08 January 2021

what city is that?

 John introduced us to the Pratt Institute Libraries Flickr album of bookplates. This image caught my eye:

[from Flickr metadata]
Artist: Ehringhausen, Willy
Description: States, 'Johanna Hoffschulte;' depicts a cityscape
with a cathedral and is surrounded by a border
made of roses. Signed at bottom center 'WE.'
[with tag "German"]

Well, of course, I'm curious to figure out what city. It looked like Cologne Cathedral and another medieval church tower with a distinctive shape. Yup. That's it. The church on the left is Great St Martin, with foundations dating to 960 CE and with a central tower dating to 1150-1250. The cathedral was just getting started in the mid 13th century.

06 January 2021

er, rather, punctuation as poetry

 A few days ago, it was person as poem (the previous posting in this blog), today it's ...


"How poets use punctuation as a superpower and a secret weapon" in the Sunday New York Times Book Review for January 3, 2021. Illustration for the essay by Shivani Parasnis.


31 December 2020

separated at birth: person as poem

The Sunday Times had an article on Grete Wiesenthal and the influence of the Viennese waltz on modern dance. Wiesenthal moved off the vertical axis of the ballet dancer and added curves and extensions. She toured with her sisters Elsa and Berta. (I have a sister Berta, short for Roberta.) After the sisters performed in London, the Dancing Times is quoted as saying the sisters "were not mere performers; they were poems."

Photographs by Rudolf Jobst, Östrreichisches Theatermuseum
(from the NY Times article)

When Alexis Rose meets Mutt's new girlfriend Tallahassee, er, Tennessee, Alexis says she is like a poem, like a pretty poem. Totally Alexis.

27 December 2020

the books I read in 2020

 You'd think a year of lockdown and isolation would vastly increase your reading. It didn't work that way for me. Here's the list of books I read this year, in chronological order.

  • Europe without Baedeker, by Edmund Wilson (1947) - impossible not to think of E.M. Forster's chapter in A room with a view about visiting Santa Croce without a Baedeker
  • Washington Black, by Esi Edugyan (2018)
  • So you want to talk about race, by Ijeoma Oluo (2018) - hard not to reflect on spell check having no problem with Wilson and Forster but not recognizing Esi, Edugyan, Ijeoma, and Oluo
  • Fascism: a warning, by Madeleine K. Albright (2018)
  • The great believers, by Rebecca Makkai (2018) - read this while at College Art in Chicago; parts of the book are set in Chicago; the book resonated in a number of ways: "Wi-fi seemed wrong. In her mind, Paris was always 1920. It was always Aunt Nora's Paris, all tragic love and tubercular artists."; the main protagonist Yale wasn't named after the school but after his Aunt Yael; "Being on an airplane, even in coach, was the closest an adult could come to the splendid helplessness of infancy."; standing up in an auditorium and screaming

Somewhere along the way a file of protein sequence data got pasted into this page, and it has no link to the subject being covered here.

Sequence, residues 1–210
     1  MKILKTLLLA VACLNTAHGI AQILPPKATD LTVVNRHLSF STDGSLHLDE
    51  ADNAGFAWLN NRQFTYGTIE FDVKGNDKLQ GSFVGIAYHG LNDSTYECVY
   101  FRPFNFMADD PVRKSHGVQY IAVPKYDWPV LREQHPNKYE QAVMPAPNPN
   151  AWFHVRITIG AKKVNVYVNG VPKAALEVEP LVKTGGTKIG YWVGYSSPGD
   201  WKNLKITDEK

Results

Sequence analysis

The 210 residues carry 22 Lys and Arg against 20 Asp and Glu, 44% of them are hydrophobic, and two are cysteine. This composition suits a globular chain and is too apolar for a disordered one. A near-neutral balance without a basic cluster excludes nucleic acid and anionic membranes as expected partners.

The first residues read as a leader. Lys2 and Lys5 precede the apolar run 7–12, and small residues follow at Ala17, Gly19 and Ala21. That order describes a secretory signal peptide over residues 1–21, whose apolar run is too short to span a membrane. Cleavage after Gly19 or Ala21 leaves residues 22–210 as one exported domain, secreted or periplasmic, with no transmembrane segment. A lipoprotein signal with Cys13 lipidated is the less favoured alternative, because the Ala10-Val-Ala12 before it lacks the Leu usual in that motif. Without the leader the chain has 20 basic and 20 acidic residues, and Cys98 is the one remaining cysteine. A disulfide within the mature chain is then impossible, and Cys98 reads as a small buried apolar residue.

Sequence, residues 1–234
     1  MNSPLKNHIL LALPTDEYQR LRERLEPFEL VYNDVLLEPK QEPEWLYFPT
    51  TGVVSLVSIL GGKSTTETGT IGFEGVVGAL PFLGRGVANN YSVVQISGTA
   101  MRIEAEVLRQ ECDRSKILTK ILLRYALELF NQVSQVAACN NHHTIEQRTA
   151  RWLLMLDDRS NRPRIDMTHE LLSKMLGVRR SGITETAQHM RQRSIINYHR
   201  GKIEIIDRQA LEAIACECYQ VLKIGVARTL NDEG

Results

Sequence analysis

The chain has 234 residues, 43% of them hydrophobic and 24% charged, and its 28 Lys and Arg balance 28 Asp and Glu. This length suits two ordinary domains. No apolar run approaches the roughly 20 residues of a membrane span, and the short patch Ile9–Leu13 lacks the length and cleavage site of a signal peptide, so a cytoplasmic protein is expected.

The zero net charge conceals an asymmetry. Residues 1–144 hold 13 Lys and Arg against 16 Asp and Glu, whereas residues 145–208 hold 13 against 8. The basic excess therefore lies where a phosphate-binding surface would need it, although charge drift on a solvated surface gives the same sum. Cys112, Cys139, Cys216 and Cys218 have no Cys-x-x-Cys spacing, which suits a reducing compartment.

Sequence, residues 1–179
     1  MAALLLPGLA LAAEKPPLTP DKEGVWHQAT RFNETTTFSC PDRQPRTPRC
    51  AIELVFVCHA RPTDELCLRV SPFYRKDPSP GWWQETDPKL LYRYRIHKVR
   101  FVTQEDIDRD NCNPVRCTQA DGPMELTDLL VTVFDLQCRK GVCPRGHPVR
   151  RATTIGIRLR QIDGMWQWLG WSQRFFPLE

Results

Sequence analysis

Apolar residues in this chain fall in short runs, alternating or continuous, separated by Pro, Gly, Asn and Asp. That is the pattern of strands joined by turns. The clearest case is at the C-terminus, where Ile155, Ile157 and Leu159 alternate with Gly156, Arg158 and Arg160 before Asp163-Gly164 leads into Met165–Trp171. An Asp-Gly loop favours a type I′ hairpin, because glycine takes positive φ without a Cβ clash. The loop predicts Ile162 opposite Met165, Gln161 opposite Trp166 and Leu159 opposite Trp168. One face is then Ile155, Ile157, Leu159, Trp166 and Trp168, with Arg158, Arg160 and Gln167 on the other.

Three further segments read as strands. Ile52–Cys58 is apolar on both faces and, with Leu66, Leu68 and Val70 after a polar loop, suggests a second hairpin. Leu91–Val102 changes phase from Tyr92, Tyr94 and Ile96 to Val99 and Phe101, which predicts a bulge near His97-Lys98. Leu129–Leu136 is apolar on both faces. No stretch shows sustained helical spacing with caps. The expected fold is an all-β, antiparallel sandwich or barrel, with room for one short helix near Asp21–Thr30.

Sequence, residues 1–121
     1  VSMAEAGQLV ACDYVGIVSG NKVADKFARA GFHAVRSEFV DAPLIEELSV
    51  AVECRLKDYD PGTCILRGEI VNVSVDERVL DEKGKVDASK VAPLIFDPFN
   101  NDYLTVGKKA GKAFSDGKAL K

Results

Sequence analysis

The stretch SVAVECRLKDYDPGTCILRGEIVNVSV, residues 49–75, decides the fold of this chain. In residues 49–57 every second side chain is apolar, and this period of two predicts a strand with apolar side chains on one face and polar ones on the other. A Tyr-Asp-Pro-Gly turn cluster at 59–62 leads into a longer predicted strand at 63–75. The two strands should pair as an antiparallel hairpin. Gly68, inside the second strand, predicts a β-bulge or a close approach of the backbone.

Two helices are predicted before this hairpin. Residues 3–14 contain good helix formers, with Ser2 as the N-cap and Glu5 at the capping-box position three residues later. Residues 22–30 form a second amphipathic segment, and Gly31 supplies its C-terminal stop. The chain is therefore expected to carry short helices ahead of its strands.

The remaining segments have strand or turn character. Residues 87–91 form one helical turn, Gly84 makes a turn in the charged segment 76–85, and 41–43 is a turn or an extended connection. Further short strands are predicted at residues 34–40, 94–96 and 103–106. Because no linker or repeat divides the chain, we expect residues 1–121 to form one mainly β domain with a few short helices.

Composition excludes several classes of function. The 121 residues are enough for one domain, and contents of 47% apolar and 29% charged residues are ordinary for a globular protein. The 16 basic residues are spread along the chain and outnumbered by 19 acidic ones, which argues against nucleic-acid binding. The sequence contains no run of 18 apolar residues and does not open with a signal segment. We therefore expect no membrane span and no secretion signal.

• Manhattan memoir by Mary Cantwell (2000) - a one-volume gathered edition of the author's Manhattan girl, Manhattan, when I was young, and Speaking with strangers
  • Michael Tolliver lives, by Armistead Maupin (2007) - a continuation of the Tales of the city
  • Zeitoun, by Dave Eggers (2009)
  • Amiable with big teeth, by Claude McKay (written in 1941, published in 2017)
  • Inside a pearl: my years in Paris, by Edmund White (2014)
  • Mudbound, by Hillary Jordan (2008) - movie tie-in edition
  • Midnight in Sicily, by Peter Robb (1996) - this book had been on my shelf for a long time, calling me but I was afraid it would be just too filled with mafiosi; it was filled with Sicily more than Mafia and really quite a page-turner
  • How to be an antiracist, by Ibram X. Kendi (2019)
  • Necessary errors, by Caleb Crain (2013)
  • Mapping the territory: selected nonfiction by Christopher Bram (2009)
  • Romance in Marseille, by Claude McKay (written between 1929 and 1941, first published 2020)
  • The nature principle: human restoration and the end of nature-deficit disorder, by Richard Louv (2011) - what about urban-deficit desire?
  • The Mussolini canal, by Antonio Pennacchi (2013) - translation of Canale Mussolini (2010); my bookstore friend Fred from Sundance Books in Geneseo had to get this from England (buy from independent bookstores as much as you can)
  • Stories of God, by Rainer Maria Rilke - translated from the German, published 1899; the Alfred libraries didn't have an edition and I had to order it on interlibrary loan; Daniel had noted that the German title is Geschichten vom lieben Gott but most English editions leave out the "lieben"
  • The Blackwater lightship, by Colm Tóibín (1999)
  • Building and dwelling: ethics for the city, by Richard Sennett (2018)